Many of us heard Jim Shelton, the ED Assistant Deputy Secretary for Innovation and Improvement, speak to the education publishing industry last week about the $650 million fund now called “Investing in Innovation” (i3). Through i3, Shelton wants to fund the scaling up of innovations having some evidence that they’re worth investing in. These i3 grants could be as large as $50 million.
With that amount at stake, it makes sense for government funders to look for some track record of scientifically documented success. The frequent references in ED documents to processes of “continuous improvement” as part of innovations suggest that proposers would do well to supplement the limited evidence for their innovation by showing how scientific evidence can be generated as an ongoing part of a funded project, that is, how in-course corrections and improvements can be made to the innovation as it is being put into place in a school system.
In his speech to the education industry, Shelton complained about the low quality of the evidence currently being put forward. Although some publishers have taken the initiative and done serious tests of their products, there has never been a strong push for them to produce evidence of effectiveness.
School systems usually haven’t demanded such evidence, partly because there are often more salient decision criteria and partly because little qualified evidence exists, even for programs that are effective. Moreover, district decision makers may find studies of a product conducted in schools that are different from their schools to have marginal relevance, regardless of how “rigorously” the studies were conducted.
The ED appears to recognize that it will be counter-productive for grant programs such as i3 to depend entirely on the pre-existing scientific evidence. An alternative research model based on continuous improvement may help states and districts to succeed with their i3 proposals—and with their projects, once funded.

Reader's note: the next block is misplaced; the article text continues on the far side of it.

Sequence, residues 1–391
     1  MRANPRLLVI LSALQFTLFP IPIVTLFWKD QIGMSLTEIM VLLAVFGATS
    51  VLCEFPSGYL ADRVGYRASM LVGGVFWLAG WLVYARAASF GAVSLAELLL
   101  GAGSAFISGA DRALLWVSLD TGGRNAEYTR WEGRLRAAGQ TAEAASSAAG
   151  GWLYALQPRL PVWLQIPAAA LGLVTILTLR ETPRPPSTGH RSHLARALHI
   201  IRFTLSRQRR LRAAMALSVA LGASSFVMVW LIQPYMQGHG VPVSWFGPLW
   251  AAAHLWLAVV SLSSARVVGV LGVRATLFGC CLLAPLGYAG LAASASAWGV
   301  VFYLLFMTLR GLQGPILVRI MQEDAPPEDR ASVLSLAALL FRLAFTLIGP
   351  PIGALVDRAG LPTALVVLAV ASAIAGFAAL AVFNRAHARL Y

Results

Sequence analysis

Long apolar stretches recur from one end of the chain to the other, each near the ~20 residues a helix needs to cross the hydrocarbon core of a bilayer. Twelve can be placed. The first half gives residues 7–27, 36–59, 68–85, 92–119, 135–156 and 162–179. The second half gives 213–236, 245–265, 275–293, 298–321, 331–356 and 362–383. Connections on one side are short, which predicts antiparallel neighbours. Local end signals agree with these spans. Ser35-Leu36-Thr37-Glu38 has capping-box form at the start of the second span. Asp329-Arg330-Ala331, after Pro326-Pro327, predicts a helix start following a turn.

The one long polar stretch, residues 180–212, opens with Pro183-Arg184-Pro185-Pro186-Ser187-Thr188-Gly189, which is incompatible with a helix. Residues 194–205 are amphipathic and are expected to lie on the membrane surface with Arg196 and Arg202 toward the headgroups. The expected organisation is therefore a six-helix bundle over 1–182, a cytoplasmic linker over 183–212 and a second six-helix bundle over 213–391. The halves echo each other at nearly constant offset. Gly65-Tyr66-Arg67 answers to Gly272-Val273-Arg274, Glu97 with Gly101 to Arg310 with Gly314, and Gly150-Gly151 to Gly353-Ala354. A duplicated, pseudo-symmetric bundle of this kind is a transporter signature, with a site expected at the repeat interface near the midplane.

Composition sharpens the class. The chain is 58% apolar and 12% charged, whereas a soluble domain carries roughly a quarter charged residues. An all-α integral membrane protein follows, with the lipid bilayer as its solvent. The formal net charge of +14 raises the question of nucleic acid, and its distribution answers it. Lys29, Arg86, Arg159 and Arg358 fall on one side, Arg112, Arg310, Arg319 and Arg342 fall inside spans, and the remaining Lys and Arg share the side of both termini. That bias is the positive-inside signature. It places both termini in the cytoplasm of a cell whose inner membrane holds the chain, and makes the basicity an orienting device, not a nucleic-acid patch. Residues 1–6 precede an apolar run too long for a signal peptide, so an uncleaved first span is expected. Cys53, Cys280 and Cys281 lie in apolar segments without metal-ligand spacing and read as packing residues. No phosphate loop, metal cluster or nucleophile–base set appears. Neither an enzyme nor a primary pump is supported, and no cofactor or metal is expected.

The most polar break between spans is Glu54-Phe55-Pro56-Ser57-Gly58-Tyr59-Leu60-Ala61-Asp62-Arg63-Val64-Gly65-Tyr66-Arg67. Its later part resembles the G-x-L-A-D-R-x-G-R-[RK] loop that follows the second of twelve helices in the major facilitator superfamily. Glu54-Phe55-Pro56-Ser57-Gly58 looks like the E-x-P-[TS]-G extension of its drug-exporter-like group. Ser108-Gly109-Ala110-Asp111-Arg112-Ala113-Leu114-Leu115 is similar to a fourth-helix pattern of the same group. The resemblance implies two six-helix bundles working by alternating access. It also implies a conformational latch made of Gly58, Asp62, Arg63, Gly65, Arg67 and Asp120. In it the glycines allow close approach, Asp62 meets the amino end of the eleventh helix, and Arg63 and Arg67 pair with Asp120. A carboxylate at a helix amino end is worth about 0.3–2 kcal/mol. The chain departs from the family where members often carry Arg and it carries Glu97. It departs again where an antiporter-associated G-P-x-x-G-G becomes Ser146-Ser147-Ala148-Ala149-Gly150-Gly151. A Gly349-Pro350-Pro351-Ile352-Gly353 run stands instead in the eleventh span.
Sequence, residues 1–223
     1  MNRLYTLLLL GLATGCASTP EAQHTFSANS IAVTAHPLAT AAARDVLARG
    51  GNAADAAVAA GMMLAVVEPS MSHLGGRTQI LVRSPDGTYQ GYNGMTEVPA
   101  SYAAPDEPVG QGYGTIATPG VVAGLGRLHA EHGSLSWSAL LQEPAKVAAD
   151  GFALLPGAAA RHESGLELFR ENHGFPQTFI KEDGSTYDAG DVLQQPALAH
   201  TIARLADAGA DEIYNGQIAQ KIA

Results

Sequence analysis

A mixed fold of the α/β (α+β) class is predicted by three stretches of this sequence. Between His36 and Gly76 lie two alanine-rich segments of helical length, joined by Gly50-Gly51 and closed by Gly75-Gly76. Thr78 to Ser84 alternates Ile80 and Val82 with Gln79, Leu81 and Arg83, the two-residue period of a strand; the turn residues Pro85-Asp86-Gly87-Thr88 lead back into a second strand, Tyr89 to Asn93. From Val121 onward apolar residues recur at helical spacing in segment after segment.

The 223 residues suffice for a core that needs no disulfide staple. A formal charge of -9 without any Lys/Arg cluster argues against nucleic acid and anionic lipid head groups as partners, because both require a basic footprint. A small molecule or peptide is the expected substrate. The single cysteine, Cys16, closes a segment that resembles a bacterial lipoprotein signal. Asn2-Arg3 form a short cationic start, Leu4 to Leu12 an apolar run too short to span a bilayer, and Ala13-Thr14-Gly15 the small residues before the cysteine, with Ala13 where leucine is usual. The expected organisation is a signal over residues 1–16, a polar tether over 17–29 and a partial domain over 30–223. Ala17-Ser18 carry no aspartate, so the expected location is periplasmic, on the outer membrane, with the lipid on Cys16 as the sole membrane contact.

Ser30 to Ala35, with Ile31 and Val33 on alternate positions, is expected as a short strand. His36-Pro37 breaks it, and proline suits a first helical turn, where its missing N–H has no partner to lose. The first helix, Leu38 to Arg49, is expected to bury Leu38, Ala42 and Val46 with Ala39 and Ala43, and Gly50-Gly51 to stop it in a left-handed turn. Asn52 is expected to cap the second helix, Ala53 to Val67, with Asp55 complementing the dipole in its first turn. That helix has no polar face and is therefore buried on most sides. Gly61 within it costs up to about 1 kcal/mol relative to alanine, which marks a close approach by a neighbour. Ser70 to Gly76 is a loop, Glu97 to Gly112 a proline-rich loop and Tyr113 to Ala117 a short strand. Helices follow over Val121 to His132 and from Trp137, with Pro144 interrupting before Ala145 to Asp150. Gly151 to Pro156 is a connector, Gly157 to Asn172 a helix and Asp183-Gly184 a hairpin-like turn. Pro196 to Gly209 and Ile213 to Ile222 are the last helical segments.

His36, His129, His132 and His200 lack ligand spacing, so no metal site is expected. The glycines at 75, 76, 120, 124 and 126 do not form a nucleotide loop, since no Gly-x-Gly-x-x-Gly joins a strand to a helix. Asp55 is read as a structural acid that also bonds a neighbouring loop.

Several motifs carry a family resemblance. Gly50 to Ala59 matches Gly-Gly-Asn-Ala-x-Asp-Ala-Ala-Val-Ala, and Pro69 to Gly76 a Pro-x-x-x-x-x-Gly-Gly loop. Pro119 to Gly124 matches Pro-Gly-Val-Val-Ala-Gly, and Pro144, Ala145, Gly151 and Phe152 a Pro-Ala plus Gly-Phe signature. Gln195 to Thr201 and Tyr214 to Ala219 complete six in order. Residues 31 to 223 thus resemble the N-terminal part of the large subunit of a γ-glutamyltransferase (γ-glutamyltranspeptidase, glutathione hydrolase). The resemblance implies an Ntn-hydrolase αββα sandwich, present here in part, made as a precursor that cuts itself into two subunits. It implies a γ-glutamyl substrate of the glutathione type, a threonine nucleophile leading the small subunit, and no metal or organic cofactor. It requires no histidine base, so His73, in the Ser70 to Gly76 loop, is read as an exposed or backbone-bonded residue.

Now that improved state and district data systems are increasing the ability of school systems to quickly reference several years of data on students and teachers, i3 can start looking at how rigorous research is built into the innovations they fund—not just the one-time evaluation typically built into federal grant proposals.
This kind of research for continuous improvement is an innovation in itself—an innovation that may start with the “data-driven decision making” mode in which data are explored to identify an area of weakness or a worrisome trend. But the real innovation in research will consist of states and districts building their own capacity to evaluate whether the intervention they decided to implement actually strengthened the area of weakness or arrested the worrisome trend they identified and chose to address. Perhaps it did so for some schools but not others, or maybe it caught on with some teachers but not with all. The ability of educators to look at this progress in relation to the initial goals completes the cycle of continuous improvement and sets the stage for refocusing, tweaking, or fully redesigning the intervention under study.
We predict that i3 reviewers, rather than depending solely on strong existing evidence, will look for proposals that also include a plan for continuous improvement that can be part of how the innovation assures its success. In this model, research need not be limited to the activity of an “external evaluator” that absorbs 10% of the grant. Instead, routine use of research processes can be an innovation that builds the internal capacity of states and districts for continuous improvement.